If it was a scam, it may have taken days or weeks to set it up.
Or it may have been an elaborate joke.
If it was a fraud, the payoff took just 12 minutes.
At 07:30 EDT (UTC -4) on Friday, PRNewswire issued a news release on behalf of Kroger saying the US retailer would start accepting the Bitcoin Cash cryptocurrency (BCH) on 1 December. An automated web widget placed the same release on Kroger’s own company news page.
This was good news for BCH. Trading volume, sitting at under 10 units a minute at that time of day, jumped to over 300 units in the first minute and kept rising as some buyers saw an opportunity. (Trading data here is from TradingViews.)
The price rose too, of course. Starting at a narrow range around $602.56 it increased by $7 in the first five minutes and peaked 12 minutes after the news release at $636.04. Hundreds of coins were changing hands per minute then.
As the price hit $636, the tide turned. Sellers started selling and the price descended even more quickly than it rose.
By then over $6m worth of BCH had changed hands. Trading volume over those 12 minutes reached a level that would take 8 hours on an average day.
At 07:55 EDT (UTC -4) the Reuters news agency spoiled the party. A Reuters reporter made contact with a Kroger spokesperson who said the news release was fake. A Reuters story was widely released by 7:55.
The potential take, if it was a scam, was a little over $149,000, based on trading data.
Cision, the parent of PRNewswire, failed to respond to a request for comment on the incident. Kroger also failed to respond to a request for comment.
At 11:39 EDT (UTC -4), more than four hours after the fake news release was published, Kroger said this on Twitter: “ICYMI: This morning a press release was fraudulently issued claiming to be The #Kroger Co. that falsely stated the organization will begin to accept Bitcoin Cash. This communication was fraudulent and is unfounded and should be disregarded.”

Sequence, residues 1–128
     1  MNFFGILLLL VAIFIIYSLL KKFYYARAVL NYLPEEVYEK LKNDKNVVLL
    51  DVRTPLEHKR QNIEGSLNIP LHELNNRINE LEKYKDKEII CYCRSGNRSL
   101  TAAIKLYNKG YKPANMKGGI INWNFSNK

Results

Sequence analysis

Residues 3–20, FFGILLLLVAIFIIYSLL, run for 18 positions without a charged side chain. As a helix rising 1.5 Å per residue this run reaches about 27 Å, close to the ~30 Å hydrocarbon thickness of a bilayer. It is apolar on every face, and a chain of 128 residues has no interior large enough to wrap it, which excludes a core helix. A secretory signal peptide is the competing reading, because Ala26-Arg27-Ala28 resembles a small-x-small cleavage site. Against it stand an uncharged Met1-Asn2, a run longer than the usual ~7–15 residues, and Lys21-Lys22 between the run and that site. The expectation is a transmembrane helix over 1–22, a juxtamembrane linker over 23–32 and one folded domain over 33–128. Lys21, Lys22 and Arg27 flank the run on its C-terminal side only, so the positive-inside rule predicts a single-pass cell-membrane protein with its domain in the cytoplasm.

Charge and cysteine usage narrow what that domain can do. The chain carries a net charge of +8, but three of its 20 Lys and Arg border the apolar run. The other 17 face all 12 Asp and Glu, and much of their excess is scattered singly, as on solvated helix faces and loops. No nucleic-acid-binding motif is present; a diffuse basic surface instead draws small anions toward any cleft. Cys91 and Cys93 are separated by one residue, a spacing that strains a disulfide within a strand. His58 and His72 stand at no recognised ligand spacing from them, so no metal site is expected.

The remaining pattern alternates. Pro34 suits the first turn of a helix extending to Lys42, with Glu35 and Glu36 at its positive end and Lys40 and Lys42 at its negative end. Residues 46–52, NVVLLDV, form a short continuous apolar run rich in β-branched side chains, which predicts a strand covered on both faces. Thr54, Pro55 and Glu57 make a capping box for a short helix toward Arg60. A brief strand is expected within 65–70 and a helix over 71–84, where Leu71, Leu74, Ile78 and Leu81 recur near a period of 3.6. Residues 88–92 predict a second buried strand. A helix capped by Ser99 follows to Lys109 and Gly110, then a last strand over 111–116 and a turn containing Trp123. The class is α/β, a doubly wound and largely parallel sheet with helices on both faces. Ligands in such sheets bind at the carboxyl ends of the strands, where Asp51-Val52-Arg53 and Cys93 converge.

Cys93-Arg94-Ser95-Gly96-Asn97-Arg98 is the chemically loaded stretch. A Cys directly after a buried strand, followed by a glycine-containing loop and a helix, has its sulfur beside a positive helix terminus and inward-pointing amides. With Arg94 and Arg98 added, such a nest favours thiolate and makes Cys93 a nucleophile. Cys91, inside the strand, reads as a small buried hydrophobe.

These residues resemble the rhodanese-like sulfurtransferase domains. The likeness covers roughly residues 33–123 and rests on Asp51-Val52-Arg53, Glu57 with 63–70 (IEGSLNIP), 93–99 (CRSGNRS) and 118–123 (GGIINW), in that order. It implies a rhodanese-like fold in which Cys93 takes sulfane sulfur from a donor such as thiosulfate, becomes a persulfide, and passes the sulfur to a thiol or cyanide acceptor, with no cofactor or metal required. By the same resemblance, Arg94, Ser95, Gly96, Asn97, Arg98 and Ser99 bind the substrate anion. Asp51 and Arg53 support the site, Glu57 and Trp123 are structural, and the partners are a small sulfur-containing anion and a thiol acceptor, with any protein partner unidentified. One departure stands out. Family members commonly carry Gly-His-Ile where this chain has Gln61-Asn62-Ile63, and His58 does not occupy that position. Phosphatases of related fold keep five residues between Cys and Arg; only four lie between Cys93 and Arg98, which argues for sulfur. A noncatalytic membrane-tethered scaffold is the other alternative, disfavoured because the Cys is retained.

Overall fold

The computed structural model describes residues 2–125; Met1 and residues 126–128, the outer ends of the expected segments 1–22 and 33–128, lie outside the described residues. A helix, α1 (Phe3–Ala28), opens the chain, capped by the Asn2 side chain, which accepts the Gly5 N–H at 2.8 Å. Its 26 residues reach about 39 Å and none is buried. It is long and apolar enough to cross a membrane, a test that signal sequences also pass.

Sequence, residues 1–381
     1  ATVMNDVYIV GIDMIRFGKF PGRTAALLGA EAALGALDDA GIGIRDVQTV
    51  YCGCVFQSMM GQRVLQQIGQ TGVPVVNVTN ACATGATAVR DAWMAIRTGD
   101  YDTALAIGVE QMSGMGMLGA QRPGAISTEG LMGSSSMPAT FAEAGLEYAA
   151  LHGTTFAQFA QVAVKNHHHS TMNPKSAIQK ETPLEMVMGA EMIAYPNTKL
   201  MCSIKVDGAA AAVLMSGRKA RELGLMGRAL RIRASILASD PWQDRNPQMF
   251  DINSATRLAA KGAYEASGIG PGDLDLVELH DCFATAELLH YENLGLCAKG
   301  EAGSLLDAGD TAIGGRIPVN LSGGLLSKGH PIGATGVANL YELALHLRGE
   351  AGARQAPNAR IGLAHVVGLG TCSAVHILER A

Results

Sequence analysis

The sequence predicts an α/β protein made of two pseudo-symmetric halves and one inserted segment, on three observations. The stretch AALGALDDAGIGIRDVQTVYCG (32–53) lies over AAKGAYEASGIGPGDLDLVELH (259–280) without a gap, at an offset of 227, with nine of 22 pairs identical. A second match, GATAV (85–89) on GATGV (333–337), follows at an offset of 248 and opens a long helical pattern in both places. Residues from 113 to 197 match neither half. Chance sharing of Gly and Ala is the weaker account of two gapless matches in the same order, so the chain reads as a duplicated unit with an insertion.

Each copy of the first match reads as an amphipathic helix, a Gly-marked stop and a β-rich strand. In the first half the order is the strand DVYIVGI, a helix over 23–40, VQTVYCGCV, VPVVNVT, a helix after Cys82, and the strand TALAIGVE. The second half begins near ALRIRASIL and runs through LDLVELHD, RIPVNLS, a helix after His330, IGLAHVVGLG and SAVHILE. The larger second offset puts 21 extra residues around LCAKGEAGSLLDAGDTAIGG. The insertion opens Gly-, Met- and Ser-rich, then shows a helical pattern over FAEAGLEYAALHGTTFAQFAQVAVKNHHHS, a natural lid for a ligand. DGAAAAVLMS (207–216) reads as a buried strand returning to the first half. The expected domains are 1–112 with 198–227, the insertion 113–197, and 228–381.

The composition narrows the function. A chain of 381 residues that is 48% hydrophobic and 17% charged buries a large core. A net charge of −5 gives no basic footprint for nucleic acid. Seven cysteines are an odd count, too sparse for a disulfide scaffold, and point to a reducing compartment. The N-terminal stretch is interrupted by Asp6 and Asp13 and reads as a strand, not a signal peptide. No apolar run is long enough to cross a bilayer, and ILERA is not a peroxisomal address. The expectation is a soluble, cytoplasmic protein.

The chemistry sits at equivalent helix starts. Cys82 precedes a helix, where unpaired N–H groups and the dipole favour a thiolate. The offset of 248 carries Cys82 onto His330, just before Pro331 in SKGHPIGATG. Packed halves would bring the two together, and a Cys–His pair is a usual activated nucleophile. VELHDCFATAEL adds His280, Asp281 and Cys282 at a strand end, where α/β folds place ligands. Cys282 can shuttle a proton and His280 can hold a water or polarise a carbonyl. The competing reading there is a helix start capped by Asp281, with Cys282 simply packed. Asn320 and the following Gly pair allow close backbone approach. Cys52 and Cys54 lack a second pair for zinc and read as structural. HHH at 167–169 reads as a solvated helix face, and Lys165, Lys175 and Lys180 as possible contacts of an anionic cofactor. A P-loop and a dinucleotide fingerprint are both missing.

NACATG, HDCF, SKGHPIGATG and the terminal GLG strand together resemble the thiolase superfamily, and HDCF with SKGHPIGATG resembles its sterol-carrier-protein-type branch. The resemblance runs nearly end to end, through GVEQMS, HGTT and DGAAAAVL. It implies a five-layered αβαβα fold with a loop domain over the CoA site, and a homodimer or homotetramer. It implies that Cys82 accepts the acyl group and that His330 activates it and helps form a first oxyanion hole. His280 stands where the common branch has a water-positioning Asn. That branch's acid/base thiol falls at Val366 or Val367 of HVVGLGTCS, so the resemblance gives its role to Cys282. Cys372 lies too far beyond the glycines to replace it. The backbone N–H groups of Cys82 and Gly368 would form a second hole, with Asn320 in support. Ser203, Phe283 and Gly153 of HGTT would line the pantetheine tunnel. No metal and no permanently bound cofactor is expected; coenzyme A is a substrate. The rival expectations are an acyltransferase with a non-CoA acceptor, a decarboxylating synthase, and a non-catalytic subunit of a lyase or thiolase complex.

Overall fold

Two months ago, a hoax news release reported that retail giant Walmart would begin accepting Litecoin payments. The cryptocurrency gained nearly 30% at its peak that day before falling to 3% below where it started.
The difference between stocks and CFDs
The main difference between CFD trading and stock trading is that you don’t own the underlying stock when you trade on an individual stock CFD.
With CFDs, you never actually buy or sell the underlying asset that you’ve chosen to trade. You can still benefit if the market moves in your favour, or make a loss if it moves against you. However, with traditional stock trading you enter a contract to exchange the legal ownership of the individual shares for money, and you own this equity.
CFDs are leveraged products, which means that you only need to deposit a percentage of the full value of the CFD trade in order to open a position. But with traditional stock trading, you buy the shares for the full amount. In the UK, there is no stamp duty on CFD trading, but there is when you buy stocks.
CFDs attract overnight costs to hold the trades, (unless you use 1-1 leverage)
which makes them more suited to short-term trading opportunities. Stocks are more normally bought and held for longer. You might also pay a stockbroker commission or fees when buying and selling stocks.